Kimia Eslah is a feminist writer who lives in Ontario, and The Daughter Who Walked Away* is her debut novel. The book first introduces us to Taraneh Pourani living in East End Toronto with her husband and two young boys. It is morning and she is in bed with her husband Haseem, who is snoring beside her. She admonishes herself:
Taraneh is agitated because her husband took their two boys to visit Taraneh’s parents Reza and Mojegan, who live in a large home in Ajax, on Lake Ontario the day before. Taraneh hasn’t seen her parents in sixteen years, although they live only 40 minutes apart geographically. It has been sixteen years since Taraneh walked out of their lives for good, and the reasons for her drastic action takes some 300 articularly written pages to tell. It is a story of generations filled with mental abuse, cultural abuse, shame and alcoholism stretching back to her grandparent’s time in Tehran, pre-revolution.
As I was reading this book, it reminded me of Side by Side by Anita Kushwaha and how mental illness affects families and can tear them apart, especially when others deny there is any problem, or refuse to confront it so a healing process can begin. Typical is Mojegan’s reaction when she sees a book on Alcoholism in a bookstore. Her husband Reza drinks every night after work, and even more heavily at parties.
As Mojegan passed through the psychology section, a series of titles caught her eye under the label Alcoholism. He’s not an alcoholic, she challenged herself. Alcoholics do not have office jobs or own homes.
Despite herself, she pulled out a translated version of a book written by Marty Mann , an American author. Mojegan stared at Mann’s black and white photo on the jacket. The author sat upright at a large desk. She wore a conservative white collared
shirt and a black suit jacket. Her expression was somber. With a sense of urgency, Mojegan opened the book in the middle and began to read, “One of the most tragic effects of alcoholism is what it does to children who are far from…” Stop it! Mojegan scolded herself. She put the book back on the shelf, left the store emptyhanded, and returned to work at a brisk pace.
Reza is a functioning alcoholic. Amazingly, he never fails to provide for his family despite his addiction. Perhaps that is why Mojegan chooses to overlook it. Years later, their daughter Taraneh is given the same book to help her understand her father’s drinking and the consequences it has had on her. She shows it to her mother:
“Why are you reading this? Why did you bring this to me?” her mother scowled in disgust as she laid down the book with her index finger and thumb.
“It’s helped me a lot. It helps me understand why I have such a hard time with … things,” Taraneh looked at the book. Regretful, she wanted to return it to her bag immediately, but she didn’t dare reach out.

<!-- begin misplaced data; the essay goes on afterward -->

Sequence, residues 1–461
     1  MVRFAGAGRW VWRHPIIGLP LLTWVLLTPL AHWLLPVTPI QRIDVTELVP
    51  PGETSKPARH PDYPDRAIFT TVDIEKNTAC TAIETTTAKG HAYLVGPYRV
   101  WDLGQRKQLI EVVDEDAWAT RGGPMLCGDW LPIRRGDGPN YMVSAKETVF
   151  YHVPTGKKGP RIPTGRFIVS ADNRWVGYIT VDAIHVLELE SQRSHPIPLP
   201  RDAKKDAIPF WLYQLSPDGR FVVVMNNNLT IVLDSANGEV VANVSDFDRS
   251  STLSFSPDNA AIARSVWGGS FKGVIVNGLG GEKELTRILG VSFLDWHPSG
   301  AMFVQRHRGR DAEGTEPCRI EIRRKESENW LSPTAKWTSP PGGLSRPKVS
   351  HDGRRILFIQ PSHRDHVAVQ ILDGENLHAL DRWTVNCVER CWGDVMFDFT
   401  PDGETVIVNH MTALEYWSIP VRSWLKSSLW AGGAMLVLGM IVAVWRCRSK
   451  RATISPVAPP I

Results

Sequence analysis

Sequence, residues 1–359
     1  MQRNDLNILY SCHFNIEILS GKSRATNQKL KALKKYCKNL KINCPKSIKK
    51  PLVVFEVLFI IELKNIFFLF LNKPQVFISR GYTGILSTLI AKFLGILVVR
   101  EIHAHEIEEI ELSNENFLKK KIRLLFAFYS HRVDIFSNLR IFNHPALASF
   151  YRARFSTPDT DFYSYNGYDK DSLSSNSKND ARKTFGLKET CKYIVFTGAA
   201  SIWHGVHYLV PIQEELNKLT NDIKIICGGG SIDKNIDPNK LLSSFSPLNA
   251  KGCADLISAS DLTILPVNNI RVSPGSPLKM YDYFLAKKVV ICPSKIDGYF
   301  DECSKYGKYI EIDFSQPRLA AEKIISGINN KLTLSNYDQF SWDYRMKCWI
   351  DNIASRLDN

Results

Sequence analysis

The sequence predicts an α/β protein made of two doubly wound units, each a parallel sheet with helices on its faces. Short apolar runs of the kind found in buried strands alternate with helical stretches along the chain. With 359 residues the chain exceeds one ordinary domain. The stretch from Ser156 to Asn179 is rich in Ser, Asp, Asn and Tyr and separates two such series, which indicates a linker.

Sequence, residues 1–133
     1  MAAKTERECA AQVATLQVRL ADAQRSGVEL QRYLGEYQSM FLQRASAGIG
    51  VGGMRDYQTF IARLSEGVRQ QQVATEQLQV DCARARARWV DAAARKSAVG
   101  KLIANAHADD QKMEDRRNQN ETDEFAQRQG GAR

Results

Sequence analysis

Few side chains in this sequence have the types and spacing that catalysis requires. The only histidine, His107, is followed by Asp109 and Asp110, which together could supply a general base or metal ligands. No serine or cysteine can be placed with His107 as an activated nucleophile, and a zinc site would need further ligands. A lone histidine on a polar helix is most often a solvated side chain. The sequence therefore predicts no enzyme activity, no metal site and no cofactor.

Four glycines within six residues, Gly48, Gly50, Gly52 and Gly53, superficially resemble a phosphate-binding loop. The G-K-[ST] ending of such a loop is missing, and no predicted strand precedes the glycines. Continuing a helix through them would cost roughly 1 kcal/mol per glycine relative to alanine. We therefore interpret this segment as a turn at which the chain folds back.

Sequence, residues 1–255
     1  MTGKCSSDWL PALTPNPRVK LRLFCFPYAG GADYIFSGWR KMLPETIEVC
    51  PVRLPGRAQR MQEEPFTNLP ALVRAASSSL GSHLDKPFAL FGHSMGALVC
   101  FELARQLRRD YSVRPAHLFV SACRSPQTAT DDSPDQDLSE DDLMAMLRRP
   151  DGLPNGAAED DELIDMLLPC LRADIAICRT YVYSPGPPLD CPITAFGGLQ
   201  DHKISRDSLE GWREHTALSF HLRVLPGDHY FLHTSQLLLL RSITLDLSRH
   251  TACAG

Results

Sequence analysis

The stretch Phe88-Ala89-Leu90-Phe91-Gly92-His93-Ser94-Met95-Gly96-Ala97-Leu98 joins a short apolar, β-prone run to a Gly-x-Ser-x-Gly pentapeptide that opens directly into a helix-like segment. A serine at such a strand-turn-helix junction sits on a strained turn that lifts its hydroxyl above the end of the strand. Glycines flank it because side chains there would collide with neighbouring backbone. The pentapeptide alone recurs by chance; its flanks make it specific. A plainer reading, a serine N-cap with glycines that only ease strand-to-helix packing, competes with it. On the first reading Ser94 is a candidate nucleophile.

For two weeks, she had read and reread the book. Her counsellor had lent her many similar books but Taraneh could most relate to this one — Marty Mann Answers your Questions about Drinking and Alcoholism. Initially, Taraneh had been startled and upset by the book’s relevance to her life. It seemed that the book had been written about her family and her troubles. While the accounts in the book validated her experiences as a child of an alcoholic, they also stripped her experiences of their singularity. Taraneh was enraged to realize that alcoholism is not uncommon, that her father’s alcoholism had probably been evident to family friends, and that no one had bothered to help by admitting him somewhere similar to Arista Recovery. No one had bothered to do something as simple as find a book. No one had bothered to reassure her that she wasn’t to blame for his tears or his tirades. Anger and grief followed the startling revelation that she was an innocent bystander who came into existence while a tsunami was in progress.
Ms. Eslah treats all her characters compassionately. They all have their own issues, whether they are culturally imposed ones (such as an arranged marriage at age nine), family secrets, or denial of any problem, such as previously mentioned. It also illustrates the realities of alcoholism including how Dating a functional alcoholic and having a family with one can cause issues for any child raised by such a parent. Taraneh naturally enough turns out to be a rebellious child (the family is now living in Toronto), but her parents are steadfast in claiming blamelessness for Taraneh’s behaviour.
Her mother shot back, “Did this counsellor say anything about you? About the problems you’ve caused? About your arrogance and your stubbornness?”
Mojegan continually blames Taraneh for the family’s dysfunction, ignoring the real causes. In a fit of rage, Taraneh declares: “There is nothing wrong with me!”
The end of the book brings us full circle back to Taraneh’s story, so the reader can perceive for themselves the end result of years of unresolved family issues. It’s easy enough for her parents to think it is the Western influence that has resulted in her present state but is that really the case?
Like another recent Roseway Publishing novel, Under the Bridge, The Daughter Who Walked Away is a socially significant novel that deserves to be read in a thoughtful way. Could we be facing similar issues in our family? Am I denying that I have a problem? Has our family’s history of dealing (or not dealing with) with issues affected me or my siblings? My children? My relationships?
I’m putting The Daughter Who Walked Away on the 2020 long list for “The Very Best!” Book Awards for Best First Novel.
*Note: this review was based on an Advance Reading Copy supplied by the publisher. The Daughter Who Walked Away is due for release on November 2019.
Marty Mann. Marty Mann Answers Your Questions about Drinking and Alcoholism. Holt, Rinehart and Winston. Jan. 1, 1970.